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Safe Twitching

Written by Melissa Cassutt

There are three basic types of restraint that can be effective during an emergency: location restraint, physical restraint and chemical restraint.  Colorado veterinarian Ruth Sorensen discusses different techniques of twitching, a form of physical restraint that can help control your horse as you address an emergency.

In part two, Sorensen explains how to properly apply three different types of hobbles. Our series on emergency restraint techniques concludes with an article on different types of location restraint, chemical restraint, and special techniques to restrain a foal, mule or donkey.
Safe Twitching

There are two areas on a horse that can be effectively and humanely twitched—the neck and the nose. Vulnerable anatomy, such as ears, joints or genitals should never be used for restraint. Besides being illegal in some states, ear twitches can cause permanent damage and may actually provoke aggression in some horses.

There are a few situations in which a twitch should not be used. These include if a horse is:

• Thrashing. To ensure the safety of the horse and the handler, a horse that is thrashing (as is often the case with a bad colic) should not be twitched or restrained with any other technique.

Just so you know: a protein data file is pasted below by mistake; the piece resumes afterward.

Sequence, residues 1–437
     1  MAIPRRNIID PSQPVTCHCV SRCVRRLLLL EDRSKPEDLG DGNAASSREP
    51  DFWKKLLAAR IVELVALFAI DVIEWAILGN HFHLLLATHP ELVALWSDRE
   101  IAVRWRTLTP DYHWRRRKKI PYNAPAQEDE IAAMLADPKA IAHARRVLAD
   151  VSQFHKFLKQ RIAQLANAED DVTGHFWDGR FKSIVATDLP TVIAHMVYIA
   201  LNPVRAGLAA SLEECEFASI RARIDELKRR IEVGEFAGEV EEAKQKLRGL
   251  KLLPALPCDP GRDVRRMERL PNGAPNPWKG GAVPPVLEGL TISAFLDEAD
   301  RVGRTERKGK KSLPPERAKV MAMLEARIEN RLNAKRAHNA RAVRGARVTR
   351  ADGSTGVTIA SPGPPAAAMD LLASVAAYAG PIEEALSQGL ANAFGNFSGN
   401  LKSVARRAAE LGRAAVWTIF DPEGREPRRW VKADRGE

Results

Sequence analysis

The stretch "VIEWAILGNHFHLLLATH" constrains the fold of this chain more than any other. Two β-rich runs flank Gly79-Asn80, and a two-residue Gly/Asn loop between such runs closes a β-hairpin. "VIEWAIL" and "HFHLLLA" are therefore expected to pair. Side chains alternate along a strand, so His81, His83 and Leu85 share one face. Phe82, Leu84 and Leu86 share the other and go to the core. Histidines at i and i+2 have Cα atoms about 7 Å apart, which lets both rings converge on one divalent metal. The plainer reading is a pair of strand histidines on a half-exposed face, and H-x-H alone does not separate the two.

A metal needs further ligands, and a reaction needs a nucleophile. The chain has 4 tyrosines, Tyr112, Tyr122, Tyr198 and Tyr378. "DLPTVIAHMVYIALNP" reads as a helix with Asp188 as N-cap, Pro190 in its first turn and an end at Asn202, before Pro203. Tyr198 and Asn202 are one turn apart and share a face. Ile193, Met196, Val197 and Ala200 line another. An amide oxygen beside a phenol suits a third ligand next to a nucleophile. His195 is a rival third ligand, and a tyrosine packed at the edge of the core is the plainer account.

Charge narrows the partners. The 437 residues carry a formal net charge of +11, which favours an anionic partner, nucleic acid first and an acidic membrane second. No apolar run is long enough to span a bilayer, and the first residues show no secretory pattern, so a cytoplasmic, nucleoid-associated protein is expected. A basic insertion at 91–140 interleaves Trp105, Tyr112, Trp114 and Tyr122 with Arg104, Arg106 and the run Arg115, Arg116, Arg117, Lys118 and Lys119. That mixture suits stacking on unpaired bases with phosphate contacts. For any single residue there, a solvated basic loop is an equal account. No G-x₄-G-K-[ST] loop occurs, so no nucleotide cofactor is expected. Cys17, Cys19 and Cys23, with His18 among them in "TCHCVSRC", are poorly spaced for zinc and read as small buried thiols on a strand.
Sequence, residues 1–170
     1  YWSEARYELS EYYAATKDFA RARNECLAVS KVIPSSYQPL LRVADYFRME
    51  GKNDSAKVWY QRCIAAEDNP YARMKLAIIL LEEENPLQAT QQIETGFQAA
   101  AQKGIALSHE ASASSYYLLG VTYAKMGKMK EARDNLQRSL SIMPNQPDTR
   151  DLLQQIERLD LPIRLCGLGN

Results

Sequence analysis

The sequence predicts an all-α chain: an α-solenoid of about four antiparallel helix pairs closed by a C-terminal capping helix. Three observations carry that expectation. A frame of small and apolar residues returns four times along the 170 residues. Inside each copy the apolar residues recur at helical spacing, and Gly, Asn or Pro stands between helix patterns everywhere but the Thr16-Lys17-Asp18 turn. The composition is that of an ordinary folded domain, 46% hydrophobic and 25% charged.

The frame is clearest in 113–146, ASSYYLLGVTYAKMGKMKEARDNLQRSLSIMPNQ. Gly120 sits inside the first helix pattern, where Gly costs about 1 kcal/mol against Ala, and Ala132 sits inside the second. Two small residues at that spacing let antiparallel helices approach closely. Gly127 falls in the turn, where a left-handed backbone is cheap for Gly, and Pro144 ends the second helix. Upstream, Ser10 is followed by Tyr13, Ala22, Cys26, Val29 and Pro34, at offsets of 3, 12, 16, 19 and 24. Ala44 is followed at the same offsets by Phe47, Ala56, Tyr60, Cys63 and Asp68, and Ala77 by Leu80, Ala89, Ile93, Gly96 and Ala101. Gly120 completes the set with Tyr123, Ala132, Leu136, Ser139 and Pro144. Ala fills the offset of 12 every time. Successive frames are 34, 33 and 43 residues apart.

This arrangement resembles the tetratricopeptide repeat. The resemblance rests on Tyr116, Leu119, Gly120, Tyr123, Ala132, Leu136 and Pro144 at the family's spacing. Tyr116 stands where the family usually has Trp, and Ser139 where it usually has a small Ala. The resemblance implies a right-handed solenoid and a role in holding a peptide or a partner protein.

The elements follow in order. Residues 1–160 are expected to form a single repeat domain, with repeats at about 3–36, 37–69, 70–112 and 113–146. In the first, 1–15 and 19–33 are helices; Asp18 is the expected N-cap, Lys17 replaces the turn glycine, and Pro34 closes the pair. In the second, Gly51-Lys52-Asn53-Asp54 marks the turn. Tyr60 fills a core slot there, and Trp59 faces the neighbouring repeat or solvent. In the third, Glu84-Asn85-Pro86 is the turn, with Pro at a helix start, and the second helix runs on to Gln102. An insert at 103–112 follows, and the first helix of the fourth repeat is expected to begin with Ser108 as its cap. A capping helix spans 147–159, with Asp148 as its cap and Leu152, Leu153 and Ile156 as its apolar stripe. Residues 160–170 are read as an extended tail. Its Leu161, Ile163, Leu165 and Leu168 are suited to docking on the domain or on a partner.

• Hurt in the area to be twitched. This may sound obvious, but it still deserves to be noted. Do not apply a twitch to an injured area, such as a sunburned muzzle or a shoulder suffering from a laceration.

• Acting up. Twitching should be used only in an emergency, and only to restrain a horse long enough to prevent further injury as the situation is being handled. Twitching should never be used as a form of discipline.

Nose twitches can be applied by hand or with a piece of equipment.
To apply a nose twitch by hand, grasp the “meaty” part of the upper lip under the nostrils, and while keeping a firm grip, twist your hand. As you hold this twitch, pulse your hand and gently massage the lip with your fingers.

As for twitching equipment, there are three basic types of nose twitches:

• Humane twitches. These metal clamps hinge at one end to squeeze the upper lip, and fasten at the opposite end with a snap. Though called humane twitches, Sorensen says they can end up causing injury by pinching or slipping loose.

• Rope-end twitches. These twitches are comprised of a long stick with a rope loop at one end. The loop is applied to the upper lip and twisted tight. As with the humane twitch, these can also have a problem with slipping.

• Chain-end twitches. These twitches are the same as a rope-end twitch, but instead of a rope loop, they have a chain loop, which provides more grip.

Whatever type of twitch you use, it’s important to stay active and aware when twitching a horse. If using your hands, “work the twitch” by pulsing your hands and massaging the area; if using a piece of equipment, gently and slowly roll the handle over and back, being careful not to loosen the twitch.

Note that ...